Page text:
|Mr. Ramuel Mendoza Raagas||Comparative Literature 40 TFX|
|CAL 1992-79204||Dr. Lily Rose Roxas Tope|
|October 21-29, 2001|
What does a relay reader get out of a glimpse of the Mahabharata--- a glimpse, let's say, of about a month? A timeless text can do with a brief moment to come down with a strong impact. The Erster Teil of Goethe's Faust can impress a viewer without even four hours' stage traffic. Dante's Drama is purported as having taken full course within the Christian Holy Week.
Of all literary texts ever produced in the world, the Mahabharata is the one which most defies a single-sitting reading. A San Beda alumnus claimed to have read the Bantam Classic full English translation of Tolstoy's War and Peace in a single sitting. Having tasted his rellenong bangus, which he had served as a duly-employed chef of the Manila Hotel, I am inclined to believe in his intellect. No one, to my knowledge, has claimed to having read the full text of the Mahabharata within a single sitting. It is mathematically impossible. Samuel Coleridge may have wrapped a much shorter epic of his own composition in a single session of cocaine, but Vyasa took three years to compose the Mahabharata in his head.
I myself, at my very rare best, get at three-hundred fifty or so pages cover-to-cover with a few novels by Malamud or Marquez.
Can the Mahabharata be read end-to-end in a linear fashion, even through the course of several sessions? It seems more like the Judaeo-Christian Bible, which may be read in its entireity, but not by sequentially reading each of its section only once over until a single, complete reading has been attained. Nevertheless, the Bible does not at all claim to have the singular narrativity that the Mahabharata explicitly does. Vyasa, by force of contract with Ganesh, streamed forth the entire Mahabharata in a single oral session. I have not read yet evidence as to how long his oral recital or chanting took, whether it traversed a week or half-a-month.
There is a lot of repetition in the Mahabharata. Imagery is recycled, such as when two might warriors fighting each other are compared to elephants gone mad. Here and there, trees are torn from the forest (usually by Bhima). The Mahabharata and Homer both present us with texts each with substantive textual repetition within themselves as evidence of their orality. Vergil gives us a less internally repetitive text (Vergil's repetitions are intertextual carry-overs from Homer's two books, as Noel Canlas points out), and this has been attributed to his being committed to the written (rather than the spoken) word.
Even the Bhagavad-Gita is a lot into reinforcements of concepts. The Song of God calls for a detachment of the consciousness from the senses. There is a lot of reiteration. One consistency of repetition is the grammar of geneaology, which is also evident in the Judaeo-Christian Bible. The Maranao Darangen, all in all, does have its own formidable genealogical set-up, but it does not have the "x begot Y... Y begot Z..." passages characteristic of the Judaeo-Christian Bible (satirized by Homer Simpson's sleep-inducing cassette, The Good Book) and the Mahabharata. In the Mahabharata, we may notice (and not in any of the Great Western epics nor the Jewish Sephar and Jesus core texts) there is explicit flat-out tabulation of genealogy. Some passages, even in the first Parva, feature an entire block of descendenants name-dropped without even so much as epithetical description.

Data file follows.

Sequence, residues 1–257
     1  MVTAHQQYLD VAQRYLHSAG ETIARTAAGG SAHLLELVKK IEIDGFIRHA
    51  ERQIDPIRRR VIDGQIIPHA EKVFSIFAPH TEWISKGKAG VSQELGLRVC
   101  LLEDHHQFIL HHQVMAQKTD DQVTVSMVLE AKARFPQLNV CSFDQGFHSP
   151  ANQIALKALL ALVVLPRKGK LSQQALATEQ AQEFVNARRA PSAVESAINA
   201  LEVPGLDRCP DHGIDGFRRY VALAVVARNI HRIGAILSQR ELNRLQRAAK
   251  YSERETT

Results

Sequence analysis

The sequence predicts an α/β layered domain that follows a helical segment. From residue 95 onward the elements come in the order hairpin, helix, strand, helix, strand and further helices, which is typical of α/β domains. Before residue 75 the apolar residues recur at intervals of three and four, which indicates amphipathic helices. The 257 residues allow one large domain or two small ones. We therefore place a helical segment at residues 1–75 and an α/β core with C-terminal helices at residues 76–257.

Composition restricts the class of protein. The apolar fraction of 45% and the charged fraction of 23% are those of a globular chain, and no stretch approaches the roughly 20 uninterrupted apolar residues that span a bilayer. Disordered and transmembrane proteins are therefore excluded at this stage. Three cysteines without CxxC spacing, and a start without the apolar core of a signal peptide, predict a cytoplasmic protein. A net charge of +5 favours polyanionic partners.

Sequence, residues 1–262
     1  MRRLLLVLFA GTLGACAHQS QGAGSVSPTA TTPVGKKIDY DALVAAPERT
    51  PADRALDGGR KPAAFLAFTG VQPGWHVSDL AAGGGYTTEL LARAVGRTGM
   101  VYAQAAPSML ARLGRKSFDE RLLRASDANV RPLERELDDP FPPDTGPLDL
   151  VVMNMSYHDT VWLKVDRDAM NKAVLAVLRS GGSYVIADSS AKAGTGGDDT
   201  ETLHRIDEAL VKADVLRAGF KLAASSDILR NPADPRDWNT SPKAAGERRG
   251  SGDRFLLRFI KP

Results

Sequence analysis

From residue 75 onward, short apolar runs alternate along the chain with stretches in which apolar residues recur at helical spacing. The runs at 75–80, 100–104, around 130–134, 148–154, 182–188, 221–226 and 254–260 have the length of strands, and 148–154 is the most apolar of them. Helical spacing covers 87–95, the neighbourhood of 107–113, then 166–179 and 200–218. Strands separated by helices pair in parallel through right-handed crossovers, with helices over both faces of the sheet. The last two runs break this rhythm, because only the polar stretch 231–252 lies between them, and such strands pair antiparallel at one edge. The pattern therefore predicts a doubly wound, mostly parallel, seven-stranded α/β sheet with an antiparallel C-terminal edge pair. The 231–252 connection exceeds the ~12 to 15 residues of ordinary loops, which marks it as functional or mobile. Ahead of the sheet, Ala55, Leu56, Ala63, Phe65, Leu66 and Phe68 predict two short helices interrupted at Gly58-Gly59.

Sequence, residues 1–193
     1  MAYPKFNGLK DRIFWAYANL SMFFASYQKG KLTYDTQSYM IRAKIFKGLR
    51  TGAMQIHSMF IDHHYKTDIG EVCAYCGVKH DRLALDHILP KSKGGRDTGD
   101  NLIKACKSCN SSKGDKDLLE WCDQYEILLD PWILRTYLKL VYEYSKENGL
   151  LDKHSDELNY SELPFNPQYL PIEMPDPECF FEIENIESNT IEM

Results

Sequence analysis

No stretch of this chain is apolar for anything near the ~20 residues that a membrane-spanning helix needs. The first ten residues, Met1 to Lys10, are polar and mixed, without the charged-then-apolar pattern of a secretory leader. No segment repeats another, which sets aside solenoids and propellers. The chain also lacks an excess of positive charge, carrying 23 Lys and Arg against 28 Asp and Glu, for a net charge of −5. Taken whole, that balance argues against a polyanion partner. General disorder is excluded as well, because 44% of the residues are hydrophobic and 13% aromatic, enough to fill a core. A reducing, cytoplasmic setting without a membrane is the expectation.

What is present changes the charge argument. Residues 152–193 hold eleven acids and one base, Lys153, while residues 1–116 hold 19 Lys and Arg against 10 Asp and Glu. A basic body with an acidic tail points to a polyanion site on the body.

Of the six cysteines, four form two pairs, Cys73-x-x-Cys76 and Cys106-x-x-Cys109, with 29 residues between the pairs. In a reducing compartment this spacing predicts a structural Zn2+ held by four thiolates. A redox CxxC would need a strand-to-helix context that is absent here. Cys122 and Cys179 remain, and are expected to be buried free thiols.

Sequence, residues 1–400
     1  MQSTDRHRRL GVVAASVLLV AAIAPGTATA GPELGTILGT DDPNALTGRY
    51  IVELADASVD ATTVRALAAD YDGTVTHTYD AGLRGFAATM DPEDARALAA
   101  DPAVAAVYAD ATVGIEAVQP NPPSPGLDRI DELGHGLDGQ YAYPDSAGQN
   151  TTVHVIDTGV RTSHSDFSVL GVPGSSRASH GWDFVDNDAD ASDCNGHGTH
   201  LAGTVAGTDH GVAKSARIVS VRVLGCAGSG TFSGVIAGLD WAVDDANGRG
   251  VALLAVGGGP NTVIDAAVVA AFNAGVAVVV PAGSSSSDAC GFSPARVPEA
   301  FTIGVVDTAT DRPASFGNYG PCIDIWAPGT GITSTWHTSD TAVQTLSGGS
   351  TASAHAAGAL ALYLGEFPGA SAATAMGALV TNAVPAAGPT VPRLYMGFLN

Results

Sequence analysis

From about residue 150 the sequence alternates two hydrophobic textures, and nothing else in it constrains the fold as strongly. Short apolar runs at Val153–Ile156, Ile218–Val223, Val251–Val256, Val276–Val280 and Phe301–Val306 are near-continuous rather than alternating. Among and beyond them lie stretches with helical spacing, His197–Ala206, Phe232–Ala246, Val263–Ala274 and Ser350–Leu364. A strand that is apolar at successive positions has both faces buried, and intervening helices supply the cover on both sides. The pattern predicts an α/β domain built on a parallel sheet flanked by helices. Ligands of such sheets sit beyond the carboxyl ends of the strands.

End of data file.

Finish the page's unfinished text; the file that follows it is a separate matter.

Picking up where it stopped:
Of course, the Mahabharata is more voluminous than the Judaeo-Christian Bible and the Quran combined, and its testimony of faith is more singular. Only perhaps Cats Stevens and a few other religious Muslims firmly believe in the Three Books as forming a continuum, or a singulart holy trinity of texts. Of course, we saw Cats Stevens transgress the Old Testament eschewal of murder-thirst as he affirmed the Ayatollah Khomeini's death sentence against Salman Rushdie.
The Mahabharata's encapsulation of myriad sub-narratives by means of conversational interaction has been taken up even in the twentieth century Peruvian-turned-European author Mario Vargas Llosa in his Conversacion en la catedral. Conversation between two people or among a handful runs as does the narrative of so many events and personalities. It is quite clear that Llosa had the Mahabharata in mind in doing his novel, because his protagonist, Santiago Zavala, is set-up also as a member of the highest echelon of society (not the prince-turned-king that was Janamejaya, but at least the son of a senator in a society with conservatism seated in power).
Tha Mahabharata is a divine epic, but its author is projected to be substantially human. Vyasa is the son of Satyavati. Although the author is a man, the poem's scribe is a god, the elephant Ganesh. This set-up is the reverse of the Sephardic-Biblical-Quranic configuration of the God being the author and man being the scribe.